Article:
Decoding the Disciplines begins by identifying a particular place in a course (or in a series of courses) where significant numbers of students are unable to adequate perform essential tasks. 
It is generally better to be explicit about the nature of the problem and to focus on the task that students are unable to carry out. It is important to focus on specific tasks that many students find difficult  and to avoid beginning with moral judgments (students just don’t care) or general cultural theories (electronic media are corrupting the learning process).  It is generally more productive to concentrate on the specific places where students get stuck and to try to understand the nature of the problem.  The obstacles to learning come in two varieties, and somewhat different strategies are needed to deal with each:

  • Cognitive Bottlenecks. In these situations students’ learning is blocked because they have failed to master particular mental operations. To help them overcome these obstacles, it is necessary to first make explicit for oneself precisely what steps are necessary to complete the work that students find so difficult.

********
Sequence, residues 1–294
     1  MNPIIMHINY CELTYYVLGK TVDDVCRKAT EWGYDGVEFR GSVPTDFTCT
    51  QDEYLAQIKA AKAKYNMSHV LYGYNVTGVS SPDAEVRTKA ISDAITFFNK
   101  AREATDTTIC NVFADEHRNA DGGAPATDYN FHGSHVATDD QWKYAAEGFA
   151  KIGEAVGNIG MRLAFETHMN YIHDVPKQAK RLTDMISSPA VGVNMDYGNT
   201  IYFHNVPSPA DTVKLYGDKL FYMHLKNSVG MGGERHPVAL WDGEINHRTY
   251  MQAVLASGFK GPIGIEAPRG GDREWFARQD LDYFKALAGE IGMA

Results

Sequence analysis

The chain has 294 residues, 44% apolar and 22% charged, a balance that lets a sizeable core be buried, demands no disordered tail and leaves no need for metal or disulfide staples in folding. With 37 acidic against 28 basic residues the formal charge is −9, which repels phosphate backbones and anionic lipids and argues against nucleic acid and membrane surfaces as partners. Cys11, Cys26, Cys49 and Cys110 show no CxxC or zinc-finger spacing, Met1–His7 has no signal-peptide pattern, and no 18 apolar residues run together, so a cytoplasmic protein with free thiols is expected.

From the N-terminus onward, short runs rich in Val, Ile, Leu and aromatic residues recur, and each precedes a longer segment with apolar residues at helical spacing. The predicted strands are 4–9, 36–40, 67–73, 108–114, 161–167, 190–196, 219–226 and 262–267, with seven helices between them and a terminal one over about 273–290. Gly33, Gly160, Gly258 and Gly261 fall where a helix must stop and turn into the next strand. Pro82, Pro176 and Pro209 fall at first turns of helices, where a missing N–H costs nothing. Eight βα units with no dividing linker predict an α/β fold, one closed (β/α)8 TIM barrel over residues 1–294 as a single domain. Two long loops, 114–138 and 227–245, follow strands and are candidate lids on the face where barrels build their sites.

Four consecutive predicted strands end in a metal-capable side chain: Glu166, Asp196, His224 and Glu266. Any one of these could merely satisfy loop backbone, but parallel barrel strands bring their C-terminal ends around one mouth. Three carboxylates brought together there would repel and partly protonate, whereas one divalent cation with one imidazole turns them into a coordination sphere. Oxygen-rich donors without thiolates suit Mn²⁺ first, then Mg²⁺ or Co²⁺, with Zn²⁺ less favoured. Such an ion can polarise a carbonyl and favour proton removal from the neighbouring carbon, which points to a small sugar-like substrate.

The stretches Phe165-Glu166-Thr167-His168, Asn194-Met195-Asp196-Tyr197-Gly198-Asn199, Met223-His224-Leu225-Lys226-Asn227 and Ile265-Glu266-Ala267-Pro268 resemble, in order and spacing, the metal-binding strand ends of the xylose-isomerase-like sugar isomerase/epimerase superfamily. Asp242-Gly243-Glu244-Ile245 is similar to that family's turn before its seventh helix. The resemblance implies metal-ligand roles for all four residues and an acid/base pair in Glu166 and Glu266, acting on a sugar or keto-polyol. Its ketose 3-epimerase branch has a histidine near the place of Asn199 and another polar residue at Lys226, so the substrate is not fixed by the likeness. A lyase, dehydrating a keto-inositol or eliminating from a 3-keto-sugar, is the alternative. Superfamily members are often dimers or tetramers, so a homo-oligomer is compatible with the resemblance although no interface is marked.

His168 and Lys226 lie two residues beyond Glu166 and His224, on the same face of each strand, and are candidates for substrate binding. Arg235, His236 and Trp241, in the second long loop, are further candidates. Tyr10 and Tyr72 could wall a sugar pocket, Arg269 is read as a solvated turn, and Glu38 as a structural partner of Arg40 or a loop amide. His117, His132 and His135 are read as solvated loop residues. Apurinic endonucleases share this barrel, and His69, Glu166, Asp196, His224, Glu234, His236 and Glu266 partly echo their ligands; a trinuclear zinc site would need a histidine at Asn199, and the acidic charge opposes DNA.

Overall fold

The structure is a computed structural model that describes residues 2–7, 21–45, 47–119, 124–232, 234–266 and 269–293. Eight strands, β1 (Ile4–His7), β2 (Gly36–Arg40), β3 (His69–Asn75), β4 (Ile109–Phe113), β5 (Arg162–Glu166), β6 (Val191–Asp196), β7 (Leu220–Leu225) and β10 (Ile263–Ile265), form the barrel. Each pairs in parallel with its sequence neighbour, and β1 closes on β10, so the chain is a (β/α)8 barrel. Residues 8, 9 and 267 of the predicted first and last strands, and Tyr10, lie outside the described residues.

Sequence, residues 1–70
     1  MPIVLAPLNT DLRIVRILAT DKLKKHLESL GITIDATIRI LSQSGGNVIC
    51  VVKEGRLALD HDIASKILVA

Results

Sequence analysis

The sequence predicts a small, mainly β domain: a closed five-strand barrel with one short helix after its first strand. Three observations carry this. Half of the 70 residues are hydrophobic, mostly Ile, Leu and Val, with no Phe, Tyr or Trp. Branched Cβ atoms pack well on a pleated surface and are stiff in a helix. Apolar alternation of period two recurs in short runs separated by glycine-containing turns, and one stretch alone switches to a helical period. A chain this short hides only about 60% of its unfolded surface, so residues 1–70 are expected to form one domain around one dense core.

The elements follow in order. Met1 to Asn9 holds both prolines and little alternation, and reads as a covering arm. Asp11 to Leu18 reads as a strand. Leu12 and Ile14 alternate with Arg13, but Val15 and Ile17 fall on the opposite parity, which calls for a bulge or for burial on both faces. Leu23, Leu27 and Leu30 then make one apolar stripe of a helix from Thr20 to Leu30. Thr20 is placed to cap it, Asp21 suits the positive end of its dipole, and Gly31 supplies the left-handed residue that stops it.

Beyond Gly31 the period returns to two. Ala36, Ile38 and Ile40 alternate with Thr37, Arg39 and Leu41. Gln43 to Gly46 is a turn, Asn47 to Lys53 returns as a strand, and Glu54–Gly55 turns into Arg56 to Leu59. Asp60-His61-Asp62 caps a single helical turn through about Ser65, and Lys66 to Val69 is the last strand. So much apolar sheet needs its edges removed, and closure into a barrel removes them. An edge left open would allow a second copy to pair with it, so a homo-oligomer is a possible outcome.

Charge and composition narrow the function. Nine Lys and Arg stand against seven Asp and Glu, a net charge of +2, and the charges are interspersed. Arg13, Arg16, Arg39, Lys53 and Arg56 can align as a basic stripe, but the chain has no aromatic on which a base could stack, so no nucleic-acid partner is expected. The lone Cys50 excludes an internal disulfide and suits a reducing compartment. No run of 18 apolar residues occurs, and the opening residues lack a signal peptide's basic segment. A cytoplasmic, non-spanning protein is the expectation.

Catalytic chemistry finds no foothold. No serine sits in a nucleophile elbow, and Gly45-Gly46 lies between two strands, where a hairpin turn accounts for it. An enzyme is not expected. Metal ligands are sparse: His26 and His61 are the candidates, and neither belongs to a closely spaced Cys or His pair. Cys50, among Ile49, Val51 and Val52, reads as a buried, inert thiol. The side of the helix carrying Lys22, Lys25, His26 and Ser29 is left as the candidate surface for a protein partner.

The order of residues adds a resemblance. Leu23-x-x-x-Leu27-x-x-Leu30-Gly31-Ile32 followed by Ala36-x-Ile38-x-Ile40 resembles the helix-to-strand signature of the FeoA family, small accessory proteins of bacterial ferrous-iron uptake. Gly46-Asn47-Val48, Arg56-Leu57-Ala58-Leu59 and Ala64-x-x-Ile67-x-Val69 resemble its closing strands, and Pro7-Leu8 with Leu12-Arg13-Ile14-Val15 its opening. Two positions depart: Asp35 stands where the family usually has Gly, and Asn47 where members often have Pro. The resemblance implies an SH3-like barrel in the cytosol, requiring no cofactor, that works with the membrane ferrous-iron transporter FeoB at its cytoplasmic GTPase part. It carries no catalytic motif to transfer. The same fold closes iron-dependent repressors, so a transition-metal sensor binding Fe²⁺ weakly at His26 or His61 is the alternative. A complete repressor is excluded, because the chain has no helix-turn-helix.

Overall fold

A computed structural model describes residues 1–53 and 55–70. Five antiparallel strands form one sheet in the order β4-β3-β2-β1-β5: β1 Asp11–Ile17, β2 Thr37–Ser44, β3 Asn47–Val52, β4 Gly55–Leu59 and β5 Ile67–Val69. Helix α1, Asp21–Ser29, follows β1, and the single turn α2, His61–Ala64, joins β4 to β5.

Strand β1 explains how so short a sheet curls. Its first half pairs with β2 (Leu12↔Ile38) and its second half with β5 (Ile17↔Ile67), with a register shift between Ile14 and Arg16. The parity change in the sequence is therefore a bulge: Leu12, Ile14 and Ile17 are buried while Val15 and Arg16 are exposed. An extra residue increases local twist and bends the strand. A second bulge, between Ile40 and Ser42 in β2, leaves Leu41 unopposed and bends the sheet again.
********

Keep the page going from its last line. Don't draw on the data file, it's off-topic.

• Emotional Bottlenecks. In other cases students’ difficulties  revolve less around cognitive difficulties, than around the negative emotional reactions of students to:
    • the processes of the course (e.g. students are upset that the work in this course does not match what they did in high school courses in the discipline);
    • the subject matter (e.g. some of the findings in the discipline are at odds with things students were taught as they were growing up).